Your email is not valid
Recipient's email is not valid
Submit Close

Your email has been sent.

Click here to send another


Up in the Attic

Sacred Trash, new from Nextbook Press, tells the remarkable story of the Cairo Geniza, a trove of Jewish documents from the Middle Ages discovered again in the late 1800s

Print Email
Solomon Schecter examining manuscripts from the Cairo Geniza.(Cambridge University Library)

In the late 1800s, Solomon Schechter, the scholar and teacher whose name is familiar to scores of Jewish day-school students, discovered a remarkable trove of Jewish documents stuffed in an attic-like space in a Cairo synagogue. Ranging from liturgical texts to shipping orders, the documents were mostly written in Judeo-Arabic, Aramaic, and Yiddish and dated back to the Middle Ages. It was a geniza, a store room for documents containing the name of God and awaiting ritual burial. The Cairo Geniza, as the collection has become known, has since fueled decades of scholarship on centuries-old poets and theologians, as well as long-forgotten details of daily existence.

In Sacred Trash: The Lost and Found World of the Cairo Geniza, new from Nextbook Press, poet and translator Peter Cole and essayist Adina Hoffman recount the history of the Cairo Geniza and the scholars who dedicated their professional (and sometimes private) lives to its holdings. Cole and Hoffman spoke to Vox Tablet host Sara Ivry about how such a remarkable collection of documents came to exist, the many characters—from Schechter to a woman from the Middle Ages known as “Wuhsha the Broker”—associated with it, and what its contents reveal about historical celebrations of Passover. [Running time: 25:54.]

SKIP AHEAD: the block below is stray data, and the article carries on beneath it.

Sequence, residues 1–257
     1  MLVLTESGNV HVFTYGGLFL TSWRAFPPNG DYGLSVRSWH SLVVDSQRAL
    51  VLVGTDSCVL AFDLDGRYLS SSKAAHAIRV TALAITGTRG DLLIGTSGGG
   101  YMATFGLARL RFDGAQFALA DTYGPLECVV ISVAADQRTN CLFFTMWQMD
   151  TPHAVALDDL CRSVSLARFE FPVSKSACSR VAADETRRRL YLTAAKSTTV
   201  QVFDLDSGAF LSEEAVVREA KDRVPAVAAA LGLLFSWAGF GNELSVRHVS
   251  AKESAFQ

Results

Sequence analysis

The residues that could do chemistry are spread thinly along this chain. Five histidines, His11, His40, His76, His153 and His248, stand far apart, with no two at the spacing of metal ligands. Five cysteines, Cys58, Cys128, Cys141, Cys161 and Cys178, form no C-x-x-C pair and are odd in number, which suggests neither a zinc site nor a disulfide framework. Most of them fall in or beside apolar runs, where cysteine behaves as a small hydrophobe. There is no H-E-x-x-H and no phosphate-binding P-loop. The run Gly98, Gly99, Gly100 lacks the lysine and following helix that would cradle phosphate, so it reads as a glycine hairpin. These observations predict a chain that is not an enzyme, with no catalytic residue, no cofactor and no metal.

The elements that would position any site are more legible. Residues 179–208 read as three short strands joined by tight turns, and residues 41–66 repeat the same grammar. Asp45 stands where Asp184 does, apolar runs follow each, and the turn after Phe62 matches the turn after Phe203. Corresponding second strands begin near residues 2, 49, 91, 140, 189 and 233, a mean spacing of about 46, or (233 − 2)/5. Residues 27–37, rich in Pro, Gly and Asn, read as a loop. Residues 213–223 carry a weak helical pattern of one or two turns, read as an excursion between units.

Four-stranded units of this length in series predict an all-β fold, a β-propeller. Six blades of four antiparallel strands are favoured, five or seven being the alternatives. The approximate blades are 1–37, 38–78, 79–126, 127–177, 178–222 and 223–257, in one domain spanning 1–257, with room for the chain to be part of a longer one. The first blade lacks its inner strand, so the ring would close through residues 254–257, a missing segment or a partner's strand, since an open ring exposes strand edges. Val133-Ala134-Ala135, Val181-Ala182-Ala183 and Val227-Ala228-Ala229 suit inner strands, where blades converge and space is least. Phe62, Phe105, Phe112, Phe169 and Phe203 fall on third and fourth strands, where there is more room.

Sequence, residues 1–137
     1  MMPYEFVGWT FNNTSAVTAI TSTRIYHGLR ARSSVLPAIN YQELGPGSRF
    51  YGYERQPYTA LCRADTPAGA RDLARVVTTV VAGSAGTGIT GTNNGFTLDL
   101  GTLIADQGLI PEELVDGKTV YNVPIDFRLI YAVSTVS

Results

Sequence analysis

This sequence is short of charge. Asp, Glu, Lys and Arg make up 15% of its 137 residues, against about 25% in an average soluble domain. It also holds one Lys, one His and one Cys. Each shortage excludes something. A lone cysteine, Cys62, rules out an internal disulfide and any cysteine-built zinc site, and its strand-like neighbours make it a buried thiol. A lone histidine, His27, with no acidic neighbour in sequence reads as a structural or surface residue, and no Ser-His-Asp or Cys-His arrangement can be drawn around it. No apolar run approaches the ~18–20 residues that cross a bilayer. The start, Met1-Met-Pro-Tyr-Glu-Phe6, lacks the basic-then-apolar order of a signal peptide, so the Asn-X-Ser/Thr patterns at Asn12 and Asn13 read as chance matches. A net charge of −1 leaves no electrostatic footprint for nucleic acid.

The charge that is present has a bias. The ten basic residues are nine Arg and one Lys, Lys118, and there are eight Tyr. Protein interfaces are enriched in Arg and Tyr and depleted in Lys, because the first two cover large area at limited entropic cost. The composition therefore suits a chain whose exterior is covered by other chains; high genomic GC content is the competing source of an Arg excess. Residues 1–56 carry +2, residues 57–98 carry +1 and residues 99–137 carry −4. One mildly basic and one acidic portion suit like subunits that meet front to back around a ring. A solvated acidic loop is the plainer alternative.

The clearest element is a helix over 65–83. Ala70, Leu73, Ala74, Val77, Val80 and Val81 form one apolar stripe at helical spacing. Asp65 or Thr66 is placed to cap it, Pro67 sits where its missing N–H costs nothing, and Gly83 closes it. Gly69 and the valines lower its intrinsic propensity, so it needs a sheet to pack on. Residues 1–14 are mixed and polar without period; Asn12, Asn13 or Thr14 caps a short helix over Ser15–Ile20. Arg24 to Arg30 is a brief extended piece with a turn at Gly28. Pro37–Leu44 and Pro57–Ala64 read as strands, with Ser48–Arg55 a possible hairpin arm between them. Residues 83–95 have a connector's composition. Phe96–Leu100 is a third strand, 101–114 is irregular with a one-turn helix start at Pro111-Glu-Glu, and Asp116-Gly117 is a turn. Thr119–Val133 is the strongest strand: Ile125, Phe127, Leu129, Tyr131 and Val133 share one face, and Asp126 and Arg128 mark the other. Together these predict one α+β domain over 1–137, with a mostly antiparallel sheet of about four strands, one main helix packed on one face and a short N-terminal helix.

Print Email

Daily rate: $2
Monthly rate: $18
Yearly rate: $180

Tablet is committed to bringing you the best, smartest, most enlightening and entertaining reporting and writing on Jewish life, all free of charge. We take pride in our community of readers, and are thrilled that you choose to engage with us in a way that is both thoughtful and thought-provoking. But the Internet, for all of its wonders, poses challenges to civilized and constructive discussion, allowing vocal—and, often, anonymous—minorities to drag it down with invective (and worse). Starting today, then, we are asking people who'd like to post comments on the site to pay a nominal fee—less a paywall than a gesture of your own commitment to the cause of great conversation. All proceeds go to helping us bring you the ambitious journalism that brought you here in the first place.

Readers can still interact with us free of charge via Facebook, Twitter, and our other social media channels, or write to us at Each week, we’ll select the best letters and publish them in a new letters to the editor feature on the Scroll.

We hope this new largely symbolic measure will help us create a more pleasant and cultivated environment for all of our readers, and, as always, we thank you deeply for your support.

Steve Stein says:


Jerry Salem says:

At the very beginning of the podcast Dr. Hoffman refers to the Jews of Palestine living in Egypt.